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Glutamatergic neurotransmission is evolutionarily conserved across animal phyla. A major class of glutamate receptors consists of the metabotropic glutamate receptors (mGluRs). In C. elegans, three mGluR genes, mgl-1, mgl-2, and mgl-3, are organized into three subgroups, similar to their mammalian counterparts. Cellular reporters identified expression of the mgls in the nervous system of C. elegans and overlapping expression in the pharyngeal microcircuit that controls pharyngeal muscle activity and feeding behavior. The overlapping expression of mgls within this circuit allowed the investigation of receptor signaling per se and in the context of receptor interactions within a neural network that regulates feeding. We utilized the pharmacological manipulation of neuronally regulated pumping of the pharyngeal muscle in the wild-type and mutants to investigate MGL function. This defined a net mgl-1-dependent inhibition of pharyngeal pumping that is modulated by mgl-3 excitation. Optogenetic activation of the pharyngeal glutamatergic inputs combined with electrophysiological recordings from the isolated pharyngeal preparations provided further evidence for a presynaptic mgl-1-dependent regulation of pharyngeal activity. Analysis of mgl-1, mgl-2, and mgl-3 mutant feeding behavior in the intact organism after acute food removal identified a significant role for mgl-1 in the regulation of an adaptive feeding response. Our data describe the molecular and cellular organization of mgl-1, mgl-2, and mgl-3. Pharmacological analysis identified that, in these paradigms, mgl-1 and mgl-3, but not mgl-2, can modulate the pharyngeal microcircuit. Behavioral analysis identified mgl-1 as a significant determinant of the glutamate-dependent modulation of feeding, further highlighting the significance of mGluRs in complex C. elegans behavior.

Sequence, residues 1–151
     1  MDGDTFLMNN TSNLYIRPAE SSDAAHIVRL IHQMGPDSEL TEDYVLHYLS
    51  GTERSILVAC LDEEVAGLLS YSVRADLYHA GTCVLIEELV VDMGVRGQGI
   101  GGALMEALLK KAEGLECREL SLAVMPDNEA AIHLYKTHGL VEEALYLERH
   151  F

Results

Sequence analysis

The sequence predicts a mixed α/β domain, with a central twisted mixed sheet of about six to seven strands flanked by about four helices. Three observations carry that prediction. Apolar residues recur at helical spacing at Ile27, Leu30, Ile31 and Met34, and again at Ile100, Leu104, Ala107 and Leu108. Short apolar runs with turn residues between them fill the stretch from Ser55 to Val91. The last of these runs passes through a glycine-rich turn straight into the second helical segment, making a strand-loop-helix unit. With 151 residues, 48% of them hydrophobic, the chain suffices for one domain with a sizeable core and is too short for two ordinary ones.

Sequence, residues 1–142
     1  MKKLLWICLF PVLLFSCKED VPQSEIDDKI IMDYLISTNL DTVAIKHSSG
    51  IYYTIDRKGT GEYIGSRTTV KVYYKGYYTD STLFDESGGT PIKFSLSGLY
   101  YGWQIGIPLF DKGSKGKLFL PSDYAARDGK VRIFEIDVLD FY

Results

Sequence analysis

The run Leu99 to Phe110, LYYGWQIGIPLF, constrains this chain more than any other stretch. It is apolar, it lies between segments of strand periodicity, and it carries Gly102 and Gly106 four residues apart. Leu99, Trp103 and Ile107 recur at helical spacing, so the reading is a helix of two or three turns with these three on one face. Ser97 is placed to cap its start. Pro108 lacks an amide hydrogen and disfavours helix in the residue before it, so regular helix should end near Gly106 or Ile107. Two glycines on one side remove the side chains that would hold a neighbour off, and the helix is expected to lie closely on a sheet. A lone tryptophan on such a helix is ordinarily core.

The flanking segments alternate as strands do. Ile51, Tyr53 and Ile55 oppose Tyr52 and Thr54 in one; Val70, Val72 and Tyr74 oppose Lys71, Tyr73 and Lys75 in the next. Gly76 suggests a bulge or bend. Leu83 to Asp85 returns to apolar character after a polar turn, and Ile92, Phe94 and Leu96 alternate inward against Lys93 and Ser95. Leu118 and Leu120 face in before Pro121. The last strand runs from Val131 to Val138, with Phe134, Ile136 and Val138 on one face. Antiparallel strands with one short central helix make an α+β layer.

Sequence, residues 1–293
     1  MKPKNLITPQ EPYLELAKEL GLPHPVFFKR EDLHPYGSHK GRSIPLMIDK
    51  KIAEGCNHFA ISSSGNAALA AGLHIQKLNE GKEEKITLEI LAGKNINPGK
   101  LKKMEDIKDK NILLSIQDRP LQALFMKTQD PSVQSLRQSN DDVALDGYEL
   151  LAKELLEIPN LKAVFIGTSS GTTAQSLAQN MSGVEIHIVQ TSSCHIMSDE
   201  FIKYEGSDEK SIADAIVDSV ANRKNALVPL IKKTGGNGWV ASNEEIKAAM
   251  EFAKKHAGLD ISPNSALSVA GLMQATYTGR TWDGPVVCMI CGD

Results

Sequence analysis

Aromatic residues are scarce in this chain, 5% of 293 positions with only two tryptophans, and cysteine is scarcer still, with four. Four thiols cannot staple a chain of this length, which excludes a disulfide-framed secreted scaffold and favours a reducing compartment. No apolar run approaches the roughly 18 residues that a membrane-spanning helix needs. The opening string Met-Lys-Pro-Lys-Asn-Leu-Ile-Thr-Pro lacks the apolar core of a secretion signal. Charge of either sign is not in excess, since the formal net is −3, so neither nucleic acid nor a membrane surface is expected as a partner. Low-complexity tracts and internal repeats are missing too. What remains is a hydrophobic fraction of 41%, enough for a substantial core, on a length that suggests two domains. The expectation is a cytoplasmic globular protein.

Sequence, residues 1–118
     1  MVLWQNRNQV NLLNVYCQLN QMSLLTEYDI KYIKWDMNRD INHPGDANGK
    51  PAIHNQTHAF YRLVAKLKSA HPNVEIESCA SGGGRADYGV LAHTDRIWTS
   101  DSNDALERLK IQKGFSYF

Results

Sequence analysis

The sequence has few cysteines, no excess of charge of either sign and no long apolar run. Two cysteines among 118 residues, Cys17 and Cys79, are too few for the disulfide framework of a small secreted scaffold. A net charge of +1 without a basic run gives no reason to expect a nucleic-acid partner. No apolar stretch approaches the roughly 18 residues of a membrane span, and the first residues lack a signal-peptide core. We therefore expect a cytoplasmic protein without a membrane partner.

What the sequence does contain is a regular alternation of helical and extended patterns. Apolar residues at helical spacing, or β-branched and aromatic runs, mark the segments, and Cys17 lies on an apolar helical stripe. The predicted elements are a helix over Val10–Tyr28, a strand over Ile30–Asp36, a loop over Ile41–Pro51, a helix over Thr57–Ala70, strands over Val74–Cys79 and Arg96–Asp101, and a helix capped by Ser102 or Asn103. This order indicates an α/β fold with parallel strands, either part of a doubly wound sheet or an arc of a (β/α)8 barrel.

In mammals, glutamate signals broadly via two classes of receptors: the ionotropic glutamate receptors and metabotropic glutamate receptors (mGluRs)5 (1, 2). mGluRs are G protein-coupled receptors and perform an important neuromodulatory role in glutamatergic transmission within the mammalian nervous system (3, 4). The importance of this class of receptors is highlighted by their involvement in a number of different neurological conditions, including anxiety, autism, and schizophrenia (5, 6). Interestingly, it has been proposed that each of these conditions involves a loss of the balance between cellular inhibition and excitation within the context of discrete microcircuits (7,–9). As neuromodulators, mGluRs represent attractive targets to manipulate the excitatory-inhibitory balance and alleviate the behavioral dysfunction and sensory deficits associated with these conditions (6, 10). Therefore, an understanding of mGluR contribution to the balance of activity within a microcircuit is potentially beneficial within the broader context of neurological disorders in which this imbalance has been suggested as an underlying cause.
Both the ionotropic glutamate receptor and mGluR classes of receptors are conserved within the genome of the model organism Caenorhabditis elegans. In C. elegans, the ionotropic glutamate receptor subfamily is well characterized and encompasses mammalian NMDA and AMPA-like receptors together with an invertebrate-specific subgroup of glutamate-gated chloride ion channels (11). The C. elegans genome encodes at least three mGluRs, designated mgl-1, mgl-2, and mgl-3. Although the experimental tractability of C. elegans has provided insight into the molecular, cellular, and functional organization of the ionotropic glutamate receptor family (11), comparatively less is known about the function of the MGL class of receptors in C. elegans. The identification of mGluRs in invertebrates that are closely related to specific vertebrate mGluR subtypes suggests that this class of receptors may play a similarly important role in signaling and adaptive behavior within simpler organisms (12,–15).